Russia’s internet chess game


THE Russian government plans to turn off direct connections to all internet routers outside its borders. The exercise, which is unlikely to last for more than a day or two, is supposed to allow Moscow to test its defenses against outside cyberattack. The shutdown does not in fact mean that Russians will suddenly find themselves unable to access servers around the world, but rather than they will reach those sites through routers set up in Russia.

There are in fact 12 international routers, none sited in Russia, which handle the huge daily flows along links to billions of different addresses. These dozen routers are the official “post offices” for the Domain Name System (DNS) upon which the entire internet relies. But the address information held in those “post offices” has been cloned by the likes of Russia and China. Beijing uses its clone of the DNS to block out the postboxes of sites that contain anything critical of its policies, including its treatment of the Uighur and Tibetans.

Moscow, however, says that its own DNS exercise is to test the resilience of its domestic internet in the event that its access to the core 12 international “post offices” is shut down. But there is also likely to be a sneakier reason for the move. The Russians, along with the authorities in most developed economies, assume their systems have been penetrated by cyber-spies. A classic operation involves planting a piece of software in a targeted system and having the bug report back regularly on what it is seeing. If that bug’s direct link to its cyber-master’s server was suddenly cut off, it would be like turning on all the lights in a pitch back room and discovering a startled mouse quivering in the middle of the floor.

Yet the fact that Moscow has announced that it will probably — the shutdown is not yet a certainty — be doing it before April would at first seem strange. All foreign intelligence organizations that reckon they have planted useful bugs to monitor Russian targets now have to take some sort of evasive action. At the minimum they might send code to turn off the software. Yet this very act of deactivation could be spotted by Russian cybersecurity experts. Moscow would then decide whether to use the spying bug to feed back inaccurate information or to zap it straight away.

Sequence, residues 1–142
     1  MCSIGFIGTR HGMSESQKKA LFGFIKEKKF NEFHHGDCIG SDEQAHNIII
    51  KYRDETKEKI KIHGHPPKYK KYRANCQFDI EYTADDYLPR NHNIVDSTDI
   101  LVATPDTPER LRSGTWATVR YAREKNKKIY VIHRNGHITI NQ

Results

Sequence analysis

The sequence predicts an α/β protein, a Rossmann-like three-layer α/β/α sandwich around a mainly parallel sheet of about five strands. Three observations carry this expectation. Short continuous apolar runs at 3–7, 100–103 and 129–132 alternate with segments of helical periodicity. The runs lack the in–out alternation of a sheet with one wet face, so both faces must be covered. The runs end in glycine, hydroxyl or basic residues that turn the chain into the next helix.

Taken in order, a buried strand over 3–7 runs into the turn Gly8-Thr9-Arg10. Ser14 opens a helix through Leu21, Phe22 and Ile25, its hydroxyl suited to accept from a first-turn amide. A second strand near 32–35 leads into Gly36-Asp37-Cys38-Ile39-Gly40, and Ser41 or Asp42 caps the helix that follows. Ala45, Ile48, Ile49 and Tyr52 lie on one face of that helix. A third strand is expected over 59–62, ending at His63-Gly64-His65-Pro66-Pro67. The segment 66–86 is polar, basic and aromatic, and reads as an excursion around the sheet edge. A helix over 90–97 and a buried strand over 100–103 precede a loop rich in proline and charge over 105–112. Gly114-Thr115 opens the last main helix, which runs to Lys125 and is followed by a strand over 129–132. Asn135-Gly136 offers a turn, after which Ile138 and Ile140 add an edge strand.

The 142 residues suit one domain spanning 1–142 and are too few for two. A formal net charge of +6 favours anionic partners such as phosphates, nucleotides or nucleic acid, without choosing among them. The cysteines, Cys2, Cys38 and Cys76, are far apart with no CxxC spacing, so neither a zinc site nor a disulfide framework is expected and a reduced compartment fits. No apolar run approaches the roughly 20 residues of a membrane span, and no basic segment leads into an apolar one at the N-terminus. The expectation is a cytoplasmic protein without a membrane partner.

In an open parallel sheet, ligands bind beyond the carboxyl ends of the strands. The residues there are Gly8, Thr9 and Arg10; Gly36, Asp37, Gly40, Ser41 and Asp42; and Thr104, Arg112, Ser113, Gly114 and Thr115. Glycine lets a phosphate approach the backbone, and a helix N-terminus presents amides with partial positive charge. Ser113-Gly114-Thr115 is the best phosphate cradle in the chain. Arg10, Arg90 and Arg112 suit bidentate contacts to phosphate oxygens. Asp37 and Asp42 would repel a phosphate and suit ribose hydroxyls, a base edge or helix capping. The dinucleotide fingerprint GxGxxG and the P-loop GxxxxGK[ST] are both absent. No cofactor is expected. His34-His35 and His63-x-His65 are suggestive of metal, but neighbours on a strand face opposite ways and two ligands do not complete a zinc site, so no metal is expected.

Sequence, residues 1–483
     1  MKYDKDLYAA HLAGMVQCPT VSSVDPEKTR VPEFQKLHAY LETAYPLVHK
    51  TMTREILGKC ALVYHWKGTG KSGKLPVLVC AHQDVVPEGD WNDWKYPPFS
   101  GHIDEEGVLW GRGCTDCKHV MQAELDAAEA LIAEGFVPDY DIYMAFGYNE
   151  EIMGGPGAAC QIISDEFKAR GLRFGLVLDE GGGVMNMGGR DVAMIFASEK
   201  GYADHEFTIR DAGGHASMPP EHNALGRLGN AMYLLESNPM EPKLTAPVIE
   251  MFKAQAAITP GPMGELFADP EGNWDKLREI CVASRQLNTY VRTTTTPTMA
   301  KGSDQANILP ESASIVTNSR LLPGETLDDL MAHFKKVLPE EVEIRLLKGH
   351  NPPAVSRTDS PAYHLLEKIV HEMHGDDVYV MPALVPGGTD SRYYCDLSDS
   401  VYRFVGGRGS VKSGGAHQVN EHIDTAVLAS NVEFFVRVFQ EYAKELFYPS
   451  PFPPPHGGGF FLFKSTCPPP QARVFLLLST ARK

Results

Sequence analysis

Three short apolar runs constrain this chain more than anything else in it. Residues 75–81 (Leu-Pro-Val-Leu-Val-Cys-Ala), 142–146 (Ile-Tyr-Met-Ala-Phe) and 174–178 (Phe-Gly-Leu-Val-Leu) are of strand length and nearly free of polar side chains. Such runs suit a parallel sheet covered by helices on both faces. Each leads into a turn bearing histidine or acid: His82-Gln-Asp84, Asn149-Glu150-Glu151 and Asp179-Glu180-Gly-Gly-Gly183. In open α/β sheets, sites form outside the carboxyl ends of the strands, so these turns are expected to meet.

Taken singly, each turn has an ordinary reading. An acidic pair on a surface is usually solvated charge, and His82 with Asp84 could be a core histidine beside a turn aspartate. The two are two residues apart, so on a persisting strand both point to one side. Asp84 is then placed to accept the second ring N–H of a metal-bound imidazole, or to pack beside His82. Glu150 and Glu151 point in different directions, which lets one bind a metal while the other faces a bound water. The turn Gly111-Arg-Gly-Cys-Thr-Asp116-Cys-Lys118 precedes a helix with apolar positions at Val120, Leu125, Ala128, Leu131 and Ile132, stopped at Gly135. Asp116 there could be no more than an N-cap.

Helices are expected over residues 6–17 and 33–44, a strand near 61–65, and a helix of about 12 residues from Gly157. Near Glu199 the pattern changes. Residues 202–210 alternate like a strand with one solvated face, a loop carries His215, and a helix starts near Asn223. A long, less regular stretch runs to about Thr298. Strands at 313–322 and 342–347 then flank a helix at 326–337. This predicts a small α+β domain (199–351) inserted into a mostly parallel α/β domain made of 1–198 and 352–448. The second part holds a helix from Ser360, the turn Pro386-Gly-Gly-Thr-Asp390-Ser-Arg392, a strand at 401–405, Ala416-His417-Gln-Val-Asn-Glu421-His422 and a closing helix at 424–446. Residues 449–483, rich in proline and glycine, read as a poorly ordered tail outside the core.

Intelligence was ever a game of smoke and mirrors but it comes no smokier nor full of false reflections than in the world of cyber-spies. Some of the best security brains around the world are now be trying to figure out how to handle Moscow’s announcement. China uses the internet to monitor and control internal dissent. Russia is far more interested in its ability to prevent external threats. And they should know. According to some US and European investigators, the Russians themselves have established extraordinarily effective online intrusions into many key systems in the West. If so, they will probably appreciate the extent of their own vulnerability.

But Russians are inveterate chess players. Whatever their shutdown plans turn out to be, they are sure to have thought several moves ahead.

Meanwhile for ordinary Russians, who might perhaps find their internet access and social media feeds disrupted, there is always the option of talking to someone, you know, like, face-to-face, or even reading a book.